A recent spate of high profile murders has people scrambling for reasons. The massacre of 12 movie goers in Aurora, Colorado, the murder of 6 worshipers at the Sikh temple in Wisconsin and the shootings outside the Empire State Building in New York raise the level of anxiety in all parts of society.
People demand reasonable explanations for why these acts of violence occur. The usual reasons focus on the individual: the perpetrator was mentally ill, he was a member of a hate group, or he was an aggrieved, fired employee. We seem satisfied for the moment when we have identified a troubled individual whose errant behavior we can explain. Life then becomes more rational and less chaotic. We live with less fear, but still a certain level of anxiety lingers.
A haunting question remains: what if the violent acts of seemingly isolated individuals are, on some level, linked? What if social patterns, customs, or conventions exist that more easily facilitate people for committing murder and violent crimes with guns because they are angry, demented or vengeful?
One of those overlooked linking factors might include our neglected mental health system coupled with an uncritical acceptance of guns in our society.
Although the U.S. murder rate has declined 44 percent since 1995, and rates of other violent crimes have also decreased, America’s gun lobby and gun industry have benefitted from a perceived fear that our families are in danger, or the government plans to confiscate our guns. A climate of fear has spurred a series of laws to deregulate gun control that includes easier concealed weapon laws and Stand Your Ground legislation that allowed a neighborhood watch volunteer in Florida to justify shooting a stranger. In 2007 a study by the National District Attorneys Association found “there was a change in perceptions of public safety after the terrorist attacks of 9/11.” Basically, many citizens doubted that government agencies could protect them and their families in the event of subsequent terror attacks.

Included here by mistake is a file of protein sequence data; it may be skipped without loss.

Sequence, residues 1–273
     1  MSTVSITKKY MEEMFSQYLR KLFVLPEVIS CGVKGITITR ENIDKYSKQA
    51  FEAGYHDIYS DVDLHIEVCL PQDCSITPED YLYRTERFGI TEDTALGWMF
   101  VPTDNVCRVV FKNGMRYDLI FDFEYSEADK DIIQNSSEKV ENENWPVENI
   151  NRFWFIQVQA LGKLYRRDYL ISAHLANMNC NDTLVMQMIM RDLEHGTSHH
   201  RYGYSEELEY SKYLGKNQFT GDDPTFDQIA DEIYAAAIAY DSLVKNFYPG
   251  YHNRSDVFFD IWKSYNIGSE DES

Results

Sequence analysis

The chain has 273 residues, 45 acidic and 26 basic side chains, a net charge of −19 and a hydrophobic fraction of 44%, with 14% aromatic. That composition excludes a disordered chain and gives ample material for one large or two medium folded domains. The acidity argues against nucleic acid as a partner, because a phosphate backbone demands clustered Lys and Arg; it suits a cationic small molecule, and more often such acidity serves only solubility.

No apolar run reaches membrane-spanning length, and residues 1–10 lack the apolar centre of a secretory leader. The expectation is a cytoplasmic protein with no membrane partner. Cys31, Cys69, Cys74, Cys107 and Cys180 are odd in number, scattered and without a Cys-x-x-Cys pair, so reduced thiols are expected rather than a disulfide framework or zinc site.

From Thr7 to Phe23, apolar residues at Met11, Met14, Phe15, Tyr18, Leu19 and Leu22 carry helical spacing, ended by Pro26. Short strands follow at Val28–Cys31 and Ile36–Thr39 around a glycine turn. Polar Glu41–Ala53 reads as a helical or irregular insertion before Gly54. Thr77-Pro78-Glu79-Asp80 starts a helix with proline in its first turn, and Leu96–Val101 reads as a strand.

The number of firearms manufactured in the U.S. grew by 63 percent between 2007 and 2011. Experts now estimate there are 90 guns for every 100 Americans, which amounts to about 250 million guns.
The U.S. experiences almost 20 mass murders a year and annually there are 30,000 gun deaths and 70,000 injuries. Part of the problem rests with angry or mentally disturbed people getting access to guns. The more guns, the easier access.
Coupled with the proliferation of guns, the disregard for people’s mental health becomes a lethal combination. For the past 30 years cuts in mental-health programs have substituted prisons and city streets for mental hospitals and clinics. States have slashed $1.6 billion from mental-health programs since 2009.
People of faith recognize that balanced budgets are fine, but not at the expense of people’s health and public safety. The moral principles of prudence and the common good are needed to guide our legislative priorities about guns. Just as constitutional rights of free speech, press and assembly are subject to limitations, so too should the right to bear arms. Firearms for hunting and marksmanship represent acceptable categories of guns from the semiautomatic assault weapons used in most mass murders.
Society will be safer when it helps some of the 98,000 workers making firearms to become mental-health workers and anger management counselors, and safer still, when we turn our fear of strangers to a fear of accidentally killing a loved one–something many times more likely with a gun around the house. The politics of guns is an emphasis on fear, not community.
Rev. John Rausch is an activist in the Appalachian region, working against mountaintop removal. He was the recipient of Pax Christi USA’s Teacher of Peace Award in 2007.